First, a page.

It's happening because the web browser is changing the POST request to a GET request.
According to RFC 2616, the browser is not supposed to change the request method when a 301 is received, but instead warn the user and ask for confirmation to resubmit the request to the new URL. Unfortunately I have never seen a web browser actually do this. But the reason for doing either of these is to protect the user against various hijacking scenarios.
See section 10.3.2:
If the 301 status code is received in response to a request other than GET or HEAD, the user agent MUST NOT automatically redirect the request unless it can be confirmed by the user, since this might change the conditions under which the request was issued.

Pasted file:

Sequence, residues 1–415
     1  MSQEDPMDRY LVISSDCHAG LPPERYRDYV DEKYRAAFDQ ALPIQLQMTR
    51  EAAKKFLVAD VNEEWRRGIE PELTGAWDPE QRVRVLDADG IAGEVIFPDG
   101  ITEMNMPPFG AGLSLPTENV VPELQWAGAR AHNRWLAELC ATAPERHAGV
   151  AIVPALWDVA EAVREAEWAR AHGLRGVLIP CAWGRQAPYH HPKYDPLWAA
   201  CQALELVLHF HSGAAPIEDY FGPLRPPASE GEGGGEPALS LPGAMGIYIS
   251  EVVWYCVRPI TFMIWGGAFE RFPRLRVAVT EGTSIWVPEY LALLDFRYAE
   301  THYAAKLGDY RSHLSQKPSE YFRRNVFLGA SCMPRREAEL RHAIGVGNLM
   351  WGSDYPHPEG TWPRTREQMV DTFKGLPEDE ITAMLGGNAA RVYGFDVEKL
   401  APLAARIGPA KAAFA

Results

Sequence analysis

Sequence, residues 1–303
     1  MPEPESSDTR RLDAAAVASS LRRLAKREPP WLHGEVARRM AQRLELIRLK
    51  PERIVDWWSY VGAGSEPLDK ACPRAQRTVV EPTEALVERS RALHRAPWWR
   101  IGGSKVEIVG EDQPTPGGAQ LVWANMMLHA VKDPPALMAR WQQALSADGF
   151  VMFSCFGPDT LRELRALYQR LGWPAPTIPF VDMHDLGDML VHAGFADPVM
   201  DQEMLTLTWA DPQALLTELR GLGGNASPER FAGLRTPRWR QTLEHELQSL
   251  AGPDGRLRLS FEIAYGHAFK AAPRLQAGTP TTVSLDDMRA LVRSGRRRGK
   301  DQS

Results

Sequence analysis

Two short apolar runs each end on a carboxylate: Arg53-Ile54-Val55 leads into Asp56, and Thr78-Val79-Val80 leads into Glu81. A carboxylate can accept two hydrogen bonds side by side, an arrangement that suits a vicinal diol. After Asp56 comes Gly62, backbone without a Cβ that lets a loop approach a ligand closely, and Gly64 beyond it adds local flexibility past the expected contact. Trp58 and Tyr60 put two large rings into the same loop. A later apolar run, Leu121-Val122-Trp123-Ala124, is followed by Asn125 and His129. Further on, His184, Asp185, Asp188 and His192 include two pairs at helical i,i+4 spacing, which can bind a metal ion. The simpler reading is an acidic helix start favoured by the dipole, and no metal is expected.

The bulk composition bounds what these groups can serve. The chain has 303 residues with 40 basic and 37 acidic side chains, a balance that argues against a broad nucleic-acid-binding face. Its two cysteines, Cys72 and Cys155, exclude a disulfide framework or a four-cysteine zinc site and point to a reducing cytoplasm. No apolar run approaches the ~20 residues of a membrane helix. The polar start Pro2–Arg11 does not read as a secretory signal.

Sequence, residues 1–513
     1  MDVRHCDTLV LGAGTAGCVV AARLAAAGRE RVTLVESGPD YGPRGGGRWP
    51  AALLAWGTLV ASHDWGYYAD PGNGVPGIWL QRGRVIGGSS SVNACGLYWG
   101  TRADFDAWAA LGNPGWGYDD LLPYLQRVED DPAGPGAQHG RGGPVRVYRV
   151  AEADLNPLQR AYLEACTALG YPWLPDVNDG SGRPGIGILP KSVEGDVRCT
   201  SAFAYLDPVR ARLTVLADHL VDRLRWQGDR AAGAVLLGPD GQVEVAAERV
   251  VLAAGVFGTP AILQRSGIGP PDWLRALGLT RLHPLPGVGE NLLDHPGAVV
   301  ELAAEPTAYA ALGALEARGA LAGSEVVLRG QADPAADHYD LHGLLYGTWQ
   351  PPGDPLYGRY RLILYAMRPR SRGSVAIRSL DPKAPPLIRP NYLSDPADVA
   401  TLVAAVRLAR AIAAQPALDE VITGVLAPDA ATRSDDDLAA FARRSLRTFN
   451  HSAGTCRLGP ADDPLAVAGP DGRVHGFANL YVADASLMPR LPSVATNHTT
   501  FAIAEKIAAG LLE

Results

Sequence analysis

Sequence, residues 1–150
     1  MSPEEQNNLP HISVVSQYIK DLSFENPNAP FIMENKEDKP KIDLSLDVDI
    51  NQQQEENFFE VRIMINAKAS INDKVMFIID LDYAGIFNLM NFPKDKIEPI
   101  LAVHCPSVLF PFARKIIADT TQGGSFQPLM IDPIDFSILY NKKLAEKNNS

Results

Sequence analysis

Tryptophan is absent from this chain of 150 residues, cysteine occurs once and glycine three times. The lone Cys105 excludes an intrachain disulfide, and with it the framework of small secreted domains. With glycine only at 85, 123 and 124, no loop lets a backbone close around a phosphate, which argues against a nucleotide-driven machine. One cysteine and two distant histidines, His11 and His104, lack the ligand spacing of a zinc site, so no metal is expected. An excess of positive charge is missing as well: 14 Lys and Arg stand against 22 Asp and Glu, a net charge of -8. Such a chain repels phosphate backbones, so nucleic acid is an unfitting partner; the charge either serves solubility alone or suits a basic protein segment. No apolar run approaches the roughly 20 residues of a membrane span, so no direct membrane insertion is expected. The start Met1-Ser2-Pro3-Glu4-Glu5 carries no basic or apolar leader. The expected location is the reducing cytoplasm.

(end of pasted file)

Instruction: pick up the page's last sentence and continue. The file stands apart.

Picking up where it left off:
Note: When automatically redirecting a POST request after receiving a 301 status code, some existing HTTP/1.0 user agents will erroneously change it into a GET request.
The quick and easy fix is to fix your web application so that it stops serving URLs that need to be redirected. This will also improve your site's overall performance and SEO ranking. For instance, if you redirect
www.example.com then all of the URLs served by your web application should start with